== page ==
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Microsoft thinks Slack not secure enough, prohibits internal use

Microsoft has reportedly prohibited its employees from using Slack, not just because it is a competitor to its own Microsoft Teams, but also due to security concerns about the collaboration app.

GeekWire, which first heard from Microsoft employees that they were not allowed to use Slack at work, tracked down and acquired an internal list of prohibited and discouraged technology. The list said that the collaboration app, among other software and online services, are competitors to Microsoft’s own products, but the main reason that it falls under the “prohibited” category is the inability to protect the company’s secrets.

“Slack Free, Slack Standard, and Slack Plus versions do not provide required controls to properly protect Microsoft Intellectual Property (IP),” reads the app’s entry on Microsoft’s list. “Slack Enterprise Grid version complies with Microsoft security requirements; however, we encourage use of Microsoft Teams rather than a competitive software.”

In addition to Slack, other apps in the prohibited category are the Grammarly grammar checker and Kaspersky security software. There is also a “discouraged” category, which contains Amazon Web Services, Google Docs, PagerDuty, and even GitHub, the software development hub and community that Microsoft purchased for $7.5 billion last year.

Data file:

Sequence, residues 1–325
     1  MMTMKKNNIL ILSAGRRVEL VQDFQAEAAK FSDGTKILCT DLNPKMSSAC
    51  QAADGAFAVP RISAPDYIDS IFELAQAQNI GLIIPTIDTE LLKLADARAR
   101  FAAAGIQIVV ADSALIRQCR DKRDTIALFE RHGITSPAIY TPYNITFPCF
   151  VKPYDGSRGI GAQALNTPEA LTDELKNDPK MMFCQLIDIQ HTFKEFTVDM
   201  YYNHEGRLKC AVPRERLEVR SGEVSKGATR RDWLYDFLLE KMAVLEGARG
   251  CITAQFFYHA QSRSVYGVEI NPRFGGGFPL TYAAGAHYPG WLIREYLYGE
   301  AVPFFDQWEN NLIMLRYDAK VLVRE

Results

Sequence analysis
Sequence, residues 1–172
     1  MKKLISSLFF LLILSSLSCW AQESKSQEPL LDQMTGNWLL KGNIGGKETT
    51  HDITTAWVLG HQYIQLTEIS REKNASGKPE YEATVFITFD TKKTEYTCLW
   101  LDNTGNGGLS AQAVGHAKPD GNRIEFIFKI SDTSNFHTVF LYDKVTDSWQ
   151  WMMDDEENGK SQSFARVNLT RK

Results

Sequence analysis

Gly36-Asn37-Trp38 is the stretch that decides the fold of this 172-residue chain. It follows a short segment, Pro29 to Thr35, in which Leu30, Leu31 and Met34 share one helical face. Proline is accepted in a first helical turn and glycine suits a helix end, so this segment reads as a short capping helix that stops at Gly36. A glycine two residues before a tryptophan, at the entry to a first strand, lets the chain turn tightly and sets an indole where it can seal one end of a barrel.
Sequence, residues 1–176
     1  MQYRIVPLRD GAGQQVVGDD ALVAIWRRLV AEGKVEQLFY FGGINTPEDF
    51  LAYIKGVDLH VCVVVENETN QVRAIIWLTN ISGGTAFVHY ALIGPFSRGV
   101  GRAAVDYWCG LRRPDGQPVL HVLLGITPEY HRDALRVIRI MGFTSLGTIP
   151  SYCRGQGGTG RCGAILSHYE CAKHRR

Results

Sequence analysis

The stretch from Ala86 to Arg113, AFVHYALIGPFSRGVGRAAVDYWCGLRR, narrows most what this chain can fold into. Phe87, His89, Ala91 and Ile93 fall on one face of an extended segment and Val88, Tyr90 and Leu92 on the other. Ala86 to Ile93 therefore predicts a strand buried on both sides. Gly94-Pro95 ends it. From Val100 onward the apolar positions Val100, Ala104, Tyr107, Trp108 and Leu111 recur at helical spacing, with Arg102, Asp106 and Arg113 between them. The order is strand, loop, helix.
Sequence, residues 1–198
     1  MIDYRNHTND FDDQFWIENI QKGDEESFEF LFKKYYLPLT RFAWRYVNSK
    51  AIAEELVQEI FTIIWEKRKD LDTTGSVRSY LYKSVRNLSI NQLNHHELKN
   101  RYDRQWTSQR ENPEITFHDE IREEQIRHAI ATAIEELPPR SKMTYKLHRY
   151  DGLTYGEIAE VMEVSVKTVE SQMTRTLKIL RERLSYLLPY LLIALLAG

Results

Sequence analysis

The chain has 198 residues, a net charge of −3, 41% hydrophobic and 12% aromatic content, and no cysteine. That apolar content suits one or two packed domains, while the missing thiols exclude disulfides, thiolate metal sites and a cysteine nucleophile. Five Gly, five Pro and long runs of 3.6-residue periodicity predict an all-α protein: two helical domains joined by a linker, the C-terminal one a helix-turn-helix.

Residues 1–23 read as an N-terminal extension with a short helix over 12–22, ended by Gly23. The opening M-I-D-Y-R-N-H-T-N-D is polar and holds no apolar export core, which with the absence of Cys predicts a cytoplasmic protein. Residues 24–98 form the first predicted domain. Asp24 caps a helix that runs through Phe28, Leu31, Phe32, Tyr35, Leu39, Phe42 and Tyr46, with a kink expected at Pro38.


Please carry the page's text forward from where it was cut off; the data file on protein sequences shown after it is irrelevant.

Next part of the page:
Amazon Web Services and Google Docs usage reportedly requires “business justification” for employee use, while GitHub is not recommended for “highly confidential types of information, specs, or code.” Grammarly, meanwhile, is able to access Information Rights Management protected content within employees’ emails and documents, according to the list.

Microsoft’s list of prohibited apps makes sense for security-related matters. However, in the rapidly evolving tech industry, access to these apps could help employees figure out how to improve their own products, while also understanding what they may offer in comparison to rivals.

The grumblings that GeekWire heard among Microsoft employees for not being allowed to use Slack is also justified though, as the app is feature-rich with a clean interface. The tool also offers customized notifications, unique workspaces, and connections with third-party apps, among many other capabilities. Microsoft Teams also offers most of these features, but employees who have long used Slack may be reluctant to switch over to another app.

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